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Things started back in 2014 when Christoph Kannicht and Barbara Solecka-Witulska, together with their teams, set out to develop an innovative and “easier” treatment. As Barbara Solecka-Witulska, Senior Scientist, Molecular Biochemistry, in Berlin explains, “The treatment has been that recombinant factor FVIII is injected into a patient’s veins. This can be extremely challenging with newborns, for example, where it is difficult to find a vein. So, having the treatment given subcutaneously would be an enormous advantage.”
Developing a subcutaneous treatment is more difficult than it may sound. Despite haemophilia A being a well-studied genetic disorder, characterised by abnormalities in a single gene, it is challenging to treat. Recombinant factor FVIII administered intravenously remains the therapeutic cornerstone.
When Octapharma launched its SubQ-8 study, there was no product on the market which could achieve subcutaneous administration of FVIII. But Christoph Kannicht and his team relish a challenge. “We’ve learned that if you administer FVIII without any protection subcutaneously, it will not reach the bloodstream. So, the goal was to identify a fragment of the von Willebrand factor (VWF) with the best affinity to FVIII and use that as a “protective wrapping”,” explains Christoph.
FVIII and VWF are two distinct but related glycoproteins that circulate in plasma as a tightly bound complex. Their deficiencies or structural defects are responsible for the most common inherited bleeding disorders, namely haemophilia A and von Willebrand disease. By adding a certain fragment of the VWF to FVIII, the compound safely carries FVIII into the bloodstream and protects it from degradation. The team had to analyse numerous fragments of VWF. “We knew that we could not take the entire VWF,” says Tobias Stuwe, Head of Recombinant R&D in Heidelberg. A FVIII complexed with full-length VWF multimers would likely be trapped in connective tissues and not enter the veins. “The challenge was to find the right size and type of VWF fragment. Was a monomeric or dimeric molecule the best choice?” Tobias asks.
Eventually one molecule, later named OCTA12, turned out to be a promising candidate. The team had to test the bioavailability, efficacy and many other key aspects of the fragment relating to its function to bind FVIII with high affinity. The hypothesis was confirmed in subsequent experiments in animal models, and at the World Federation of Hemophilia (WFH)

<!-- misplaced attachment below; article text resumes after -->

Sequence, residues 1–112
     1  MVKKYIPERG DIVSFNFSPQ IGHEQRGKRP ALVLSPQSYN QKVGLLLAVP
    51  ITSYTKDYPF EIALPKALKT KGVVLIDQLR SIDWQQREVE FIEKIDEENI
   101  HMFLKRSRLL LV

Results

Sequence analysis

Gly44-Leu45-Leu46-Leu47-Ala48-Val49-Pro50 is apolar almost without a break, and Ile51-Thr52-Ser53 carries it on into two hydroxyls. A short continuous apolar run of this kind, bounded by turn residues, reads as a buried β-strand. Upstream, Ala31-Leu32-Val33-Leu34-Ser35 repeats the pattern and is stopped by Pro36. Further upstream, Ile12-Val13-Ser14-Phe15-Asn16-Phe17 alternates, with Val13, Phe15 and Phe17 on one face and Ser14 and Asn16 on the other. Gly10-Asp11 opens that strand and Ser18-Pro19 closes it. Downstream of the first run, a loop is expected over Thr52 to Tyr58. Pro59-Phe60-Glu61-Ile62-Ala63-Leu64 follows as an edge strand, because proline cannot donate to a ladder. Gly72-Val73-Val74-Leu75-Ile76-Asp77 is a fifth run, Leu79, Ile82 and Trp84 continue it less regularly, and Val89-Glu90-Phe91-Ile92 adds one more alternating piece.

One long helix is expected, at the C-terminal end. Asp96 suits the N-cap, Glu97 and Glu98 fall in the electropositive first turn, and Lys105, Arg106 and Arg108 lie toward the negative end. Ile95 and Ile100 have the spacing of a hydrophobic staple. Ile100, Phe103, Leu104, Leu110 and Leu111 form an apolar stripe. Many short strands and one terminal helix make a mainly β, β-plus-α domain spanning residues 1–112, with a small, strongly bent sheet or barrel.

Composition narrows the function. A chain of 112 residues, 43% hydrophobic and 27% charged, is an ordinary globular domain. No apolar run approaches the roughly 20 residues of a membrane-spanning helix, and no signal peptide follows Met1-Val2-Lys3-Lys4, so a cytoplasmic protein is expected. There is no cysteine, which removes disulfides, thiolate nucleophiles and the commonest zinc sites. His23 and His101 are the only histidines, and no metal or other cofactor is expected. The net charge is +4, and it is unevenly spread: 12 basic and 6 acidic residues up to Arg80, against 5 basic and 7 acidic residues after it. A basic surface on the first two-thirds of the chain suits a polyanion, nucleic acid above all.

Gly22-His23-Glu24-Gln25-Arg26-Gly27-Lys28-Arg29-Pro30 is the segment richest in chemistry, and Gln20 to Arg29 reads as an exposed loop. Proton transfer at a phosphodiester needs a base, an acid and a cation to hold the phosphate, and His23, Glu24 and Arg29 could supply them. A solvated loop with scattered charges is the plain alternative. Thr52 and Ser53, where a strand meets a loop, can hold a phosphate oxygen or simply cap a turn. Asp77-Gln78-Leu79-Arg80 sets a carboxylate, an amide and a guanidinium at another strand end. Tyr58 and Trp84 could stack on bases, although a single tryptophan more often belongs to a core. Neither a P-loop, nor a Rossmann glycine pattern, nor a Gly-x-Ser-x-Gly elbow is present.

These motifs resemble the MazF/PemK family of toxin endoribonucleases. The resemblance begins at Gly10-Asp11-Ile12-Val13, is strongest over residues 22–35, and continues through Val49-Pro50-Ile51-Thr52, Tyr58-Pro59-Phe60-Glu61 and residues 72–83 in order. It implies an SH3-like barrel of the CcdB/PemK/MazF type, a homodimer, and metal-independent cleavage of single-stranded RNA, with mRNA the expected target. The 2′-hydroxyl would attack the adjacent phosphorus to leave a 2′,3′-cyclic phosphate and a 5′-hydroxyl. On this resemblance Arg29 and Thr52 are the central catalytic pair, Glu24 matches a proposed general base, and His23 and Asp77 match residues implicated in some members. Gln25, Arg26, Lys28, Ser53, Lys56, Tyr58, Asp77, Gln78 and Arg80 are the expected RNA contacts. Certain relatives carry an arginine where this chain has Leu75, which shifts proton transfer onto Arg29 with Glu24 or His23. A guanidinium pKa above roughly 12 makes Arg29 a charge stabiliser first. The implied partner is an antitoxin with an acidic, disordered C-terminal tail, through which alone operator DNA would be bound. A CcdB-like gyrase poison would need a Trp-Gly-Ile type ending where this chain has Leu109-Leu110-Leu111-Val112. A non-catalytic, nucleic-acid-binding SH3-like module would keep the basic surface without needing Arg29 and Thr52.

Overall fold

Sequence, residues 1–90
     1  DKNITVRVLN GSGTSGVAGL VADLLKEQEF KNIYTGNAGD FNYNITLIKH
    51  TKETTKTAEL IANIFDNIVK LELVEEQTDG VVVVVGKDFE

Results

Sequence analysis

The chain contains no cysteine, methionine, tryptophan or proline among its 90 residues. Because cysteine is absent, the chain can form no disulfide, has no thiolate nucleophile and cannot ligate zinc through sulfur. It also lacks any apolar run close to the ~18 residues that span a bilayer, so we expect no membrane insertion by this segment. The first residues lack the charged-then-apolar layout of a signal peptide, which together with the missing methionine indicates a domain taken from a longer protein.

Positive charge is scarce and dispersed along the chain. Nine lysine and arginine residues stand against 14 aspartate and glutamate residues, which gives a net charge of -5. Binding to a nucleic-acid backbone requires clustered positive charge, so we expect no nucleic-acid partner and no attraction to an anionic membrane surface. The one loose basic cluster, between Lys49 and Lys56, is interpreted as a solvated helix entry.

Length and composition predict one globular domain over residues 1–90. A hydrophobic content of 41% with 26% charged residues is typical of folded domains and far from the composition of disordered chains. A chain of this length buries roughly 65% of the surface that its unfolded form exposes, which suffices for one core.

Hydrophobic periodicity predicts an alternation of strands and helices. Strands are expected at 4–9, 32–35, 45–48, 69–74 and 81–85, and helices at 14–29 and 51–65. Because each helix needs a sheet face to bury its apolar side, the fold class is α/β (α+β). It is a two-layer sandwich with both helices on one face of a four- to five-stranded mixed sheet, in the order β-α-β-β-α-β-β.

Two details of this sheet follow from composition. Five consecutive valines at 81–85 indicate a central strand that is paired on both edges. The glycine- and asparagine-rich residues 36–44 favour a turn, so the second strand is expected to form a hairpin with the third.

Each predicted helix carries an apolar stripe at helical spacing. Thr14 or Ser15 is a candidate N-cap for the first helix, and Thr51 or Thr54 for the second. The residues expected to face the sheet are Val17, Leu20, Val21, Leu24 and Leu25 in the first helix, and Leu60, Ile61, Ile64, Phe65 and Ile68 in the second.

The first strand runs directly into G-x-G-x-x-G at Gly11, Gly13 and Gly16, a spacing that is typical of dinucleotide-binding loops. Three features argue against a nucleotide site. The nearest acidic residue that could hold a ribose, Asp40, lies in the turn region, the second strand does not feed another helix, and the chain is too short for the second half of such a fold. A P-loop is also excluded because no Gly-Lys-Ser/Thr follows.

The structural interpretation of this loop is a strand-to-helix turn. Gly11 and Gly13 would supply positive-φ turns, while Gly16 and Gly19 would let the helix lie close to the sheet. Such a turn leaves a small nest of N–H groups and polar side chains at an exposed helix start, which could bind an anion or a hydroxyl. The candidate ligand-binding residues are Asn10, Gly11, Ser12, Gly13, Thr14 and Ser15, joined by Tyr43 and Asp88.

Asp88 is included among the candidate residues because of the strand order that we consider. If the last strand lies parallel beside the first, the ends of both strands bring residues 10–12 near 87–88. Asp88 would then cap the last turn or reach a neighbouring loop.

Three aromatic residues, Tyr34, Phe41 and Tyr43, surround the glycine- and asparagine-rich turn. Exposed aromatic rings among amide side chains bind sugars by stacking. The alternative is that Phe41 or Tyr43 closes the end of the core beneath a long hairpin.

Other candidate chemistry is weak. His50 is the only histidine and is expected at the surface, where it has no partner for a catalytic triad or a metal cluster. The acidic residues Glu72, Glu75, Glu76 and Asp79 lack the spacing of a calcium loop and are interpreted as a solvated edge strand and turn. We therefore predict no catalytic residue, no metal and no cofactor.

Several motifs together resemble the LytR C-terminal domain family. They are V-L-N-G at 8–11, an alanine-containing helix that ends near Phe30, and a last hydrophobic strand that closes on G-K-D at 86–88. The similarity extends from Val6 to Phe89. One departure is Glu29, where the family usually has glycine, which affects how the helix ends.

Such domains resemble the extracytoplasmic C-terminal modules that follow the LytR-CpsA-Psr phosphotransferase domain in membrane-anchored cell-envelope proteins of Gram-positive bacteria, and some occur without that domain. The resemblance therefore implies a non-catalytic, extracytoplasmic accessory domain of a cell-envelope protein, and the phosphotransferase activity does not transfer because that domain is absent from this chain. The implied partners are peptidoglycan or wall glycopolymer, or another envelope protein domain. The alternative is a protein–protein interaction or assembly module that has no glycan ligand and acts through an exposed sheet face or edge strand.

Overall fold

2018 World Congress in Glasgow, a team of scientists led by Christoph Kannicht presented for the first time this promising data from the pre-clinical study for SubQ-8. A successful Investigational New Drug (IND) approval followed, and now researchers can plan the clinical phase of SubQ-8’s development.
Looking back, Christoph, Barbara and Tobias believed in the idea. After three years, their resilience paid off. “It was certainly a difficult and challenging time,” recalls Barbara.
We hope that the data from our pre-clinical studies of the new subcutaneous FVIII product, SubQ-8, will ensure an easier route of administration for haemophilia A patients.
“Ever since this project started, I have always reminded my team members how important it is to understand the patients before they start working on a study or product,” Christoph adds. “We have to understand what patients’ daily lives look like, what their environments are like, what are they missing, and what they need. With this information in hand, and the incredible efforts of the team, we can then start looking for solutions hopefully with as much success as our SubQ-8 work!”
Octapharma invested into the project, trying to approach the challenge from various angles and leveraging its scientific talent base. “It is gratifying to see what we have achieved. Much of this is owed to our belief that we have to innovate to help patients. But it was the courage and incredible teamwork of many different people from very different backgrounds that brought us here in the first place,” says Tobias.
Research & Development
Working with us